When Oakland resident Rosa Aqeel first heard about protests over an oil pipeline under construction in North Dakota, she immediately felt compelled to show her support.
“I was alerted of how hostile law enforcement was treating (the activists), and it seemed so typical of how people who try to defend their rights are treated – whether that’s people in North Dakota or Black people in Oakland,” Aqeel told the Post. “I felt I should stand with them.”
As associate director for PolicyLink, an Oakland-based research institute that focuses on economic and social equity, Aqeel works to engage communities like the Hoopa Valley Tribe in Northern California with her organization.
A friend she met through work said he was going to join the hundreds of Native Americans who have gathered near the Standing Rock Sioux reservation in North Dakota to protest the Dakota Access Pipeline (DAPL), and so she went with him from Sept. 11 to 14.
Standing with the protestors, who say the proposed $3.8 billion oil pipeline could contaminate the Standing Rock Sioux’s water supply and destroy ancestral lands, Aqeel said the demonstration was “the most beautiful and unifying moment in my life.”
“It was amazing to see how many people had shown up from all around the planet to stand with the Standing Rock tribe, and to see how devoted people are to the protection of land and water,” Aqeel said. “It was really indescribable.”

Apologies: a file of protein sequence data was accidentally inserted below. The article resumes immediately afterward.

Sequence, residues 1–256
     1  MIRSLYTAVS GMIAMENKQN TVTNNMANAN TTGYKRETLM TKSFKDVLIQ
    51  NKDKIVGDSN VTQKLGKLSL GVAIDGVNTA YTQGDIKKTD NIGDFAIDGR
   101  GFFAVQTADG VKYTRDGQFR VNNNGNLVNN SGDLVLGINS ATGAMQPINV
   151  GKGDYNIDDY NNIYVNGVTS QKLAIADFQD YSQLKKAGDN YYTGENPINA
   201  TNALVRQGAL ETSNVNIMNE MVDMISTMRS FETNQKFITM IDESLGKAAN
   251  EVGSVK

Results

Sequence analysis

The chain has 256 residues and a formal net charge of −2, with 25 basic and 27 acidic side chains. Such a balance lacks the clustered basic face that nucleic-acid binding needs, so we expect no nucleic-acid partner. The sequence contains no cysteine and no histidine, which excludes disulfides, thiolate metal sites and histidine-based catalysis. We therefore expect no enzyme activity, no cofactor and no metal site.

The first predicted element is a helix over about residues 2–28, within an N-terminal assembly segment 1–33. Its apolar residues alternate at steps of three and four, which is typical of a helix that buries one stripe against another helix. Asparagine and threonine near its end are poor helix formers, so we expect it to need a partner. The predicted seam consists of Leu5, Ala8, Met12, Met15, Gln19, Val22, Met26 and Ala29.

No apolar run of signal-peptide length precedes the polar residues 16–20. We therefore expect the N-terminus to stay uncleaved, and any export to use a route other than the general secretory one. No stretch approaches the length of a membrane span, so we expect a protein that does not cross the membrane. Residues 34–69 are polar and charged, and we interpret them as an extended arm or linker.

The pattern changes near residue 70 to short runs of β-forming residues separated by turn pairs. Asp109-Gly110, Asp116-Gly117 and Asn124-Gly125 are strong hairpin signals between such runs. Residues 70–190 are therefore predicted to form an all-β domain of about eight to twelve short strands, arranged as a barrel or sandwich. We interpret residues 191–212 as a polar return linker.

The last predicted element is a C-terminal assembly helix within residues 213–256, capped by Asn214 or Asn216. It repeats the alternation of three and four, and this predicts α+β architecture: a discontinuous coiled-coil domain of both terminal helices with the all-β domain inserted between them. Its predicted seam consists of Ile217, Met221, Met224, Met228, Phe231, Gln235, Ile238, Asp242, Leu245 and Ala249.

Support for the environmental activists and Native American tribes fighting the pipeline’s construction has quickly grown nationwide, with Oakland lawmakers speaking up this week.
Oakland councilmembers on Tuesday displayed their solidarity with the Standing Rock Sioux by unanimously approving a resolution in support of their opposition to DAPL.
The resolution, which was authored by Councilmember-at-Large Rebecca Kaplan and put forward by councilmembers Dan Kalb and Abel Guillen, puts the city on record as supporting the activists in North Dakota.
“I am proud to be part of a city that stands up for justice,” Kaplan said.
“Together, we have a moral obligation to say no to poisoning our water, no to the violence against those being harmed in North Dakota, and to honor our First Nations peoples,” she said.
Meanwhile, efforts to permanently halt the pipeline’s construction continue in North Dakota, which Aqeel said parallels the Bay Area’s fight against displacement and police brutality.
“What we are seeing in Oakland is what native communities have experienced for centuries,” she said.
“The police department has shown no regard for Black lives in our community. These struggles are connected. Our ability to win on either one depends on each other.”